As a common prostitute (if, as tradition holds, that is what she was) Mary Magdalene is no less of a sinner than David. It is not a matter of sexual peccadillos, or even outright adultery. She has deliberately misused her God-given body for money. Yet she is not punished. That is because her unusual gesture of devotion to Jesus speaks of penitence. Like David, she undoubtedly merits some sort of retribution, but as she wipes the feet of Jesus with her tears, so he wipes her sins away. Justice is not done in her case, because God’s forgiveness renders justice redundant.
Christ in the House of Simon Dieric Bouts (1415-1475)

Like Nathan, we live in a world most at home with justice. We hope and expect that evil doers will get their deserts. The Godly world of Jesus, by contrast, invites us to look beyond wrongdoing and retribution, and to do something that most human beings find very hard – to place a higher value on penitence and grace than on justice.

Monday, June 3, 2013


1 Kings 17:8-16, (17-24) and Psalm 146
1 Kings 17:17-24 and Psalm 30
Galatians 1:11-24Luke 7:11-17

On this Sunday, unusually, the ‘continuous’ and ‘thematic’ readings from the Old Testament overlap. The first takes up the story of the prophet Elijah again, while the second picks out one element of that story which, as it happens, resonates especially well with the Gospel of the day.  Both readings recount episodes in which an only son dies and then is restored to his grieving widowed mother. But what we are to learn from these?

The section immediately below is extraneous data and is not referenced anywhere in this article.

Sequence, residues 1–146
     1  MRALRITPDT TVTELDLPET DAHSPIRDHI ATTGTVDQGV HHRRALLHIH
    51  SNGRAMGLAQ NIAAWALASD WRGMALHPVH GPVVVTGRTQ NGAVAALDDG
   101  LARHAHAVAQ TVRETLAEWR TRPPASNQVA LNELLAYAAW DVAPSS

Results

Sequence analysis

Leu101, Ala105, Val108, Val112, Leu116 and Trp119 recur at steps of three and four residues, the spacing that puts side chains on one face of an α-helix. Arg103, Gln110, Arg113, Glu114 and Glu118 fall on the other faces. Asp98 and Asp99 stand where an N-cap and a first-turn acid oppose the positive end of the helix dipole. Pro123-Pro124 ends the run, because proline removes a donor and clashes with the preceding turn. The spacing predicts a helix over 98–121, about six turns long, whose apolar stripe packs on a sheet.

Elijah and the Widow of Zarephath 
A striking feature of the two episodes is this. The widows are grief stricken, and yet their first reaction to the miraculous restoration of their sons, is not the straightforward relief and joy we might expect. On the contrary, we are told, a ‘great fear seized all the people’ who witnessed the Gospel episode, while the widow of Zarephath’s immediate reaction is to hail Elijah as a bringer of ‘truth’. Why so? The answer is that, though it is natural to regard events like these as wonderful miracles, this is not their most important dimension. Rather, they are spiritual pointers. By means of them, both Elijah and Jesus momentarily draw back the veil of ordinary experience, and reveal the depths of mystery behind it -- the awesome presence of transcendent power. But more than this, they also reveal themselves to be at home in that mystery – that is to say, they are men whose first and foremost commitment is to God.

This is precisely what the beneficiaries declare, in fact. Given the modern world’s near obsession with health and healing, however, it is easy for us to be blind to what they saw, and thus miss the true significance of the Bible’s miracle stories. Were we possessed of such powers, it is most likely that we would value them primarily as a wonderful short cut to dealing with illness. For Elijah and Jesus, who did possess them, they are simply the more dramatic signs by which people can be brought to God.

Elijah and the Widow of Zarephath is a drawing by Aleksandr Andreevich Ivanov, (1806-1858) from the Jean and Alexander Heard Divinity Library at Vanderbilt University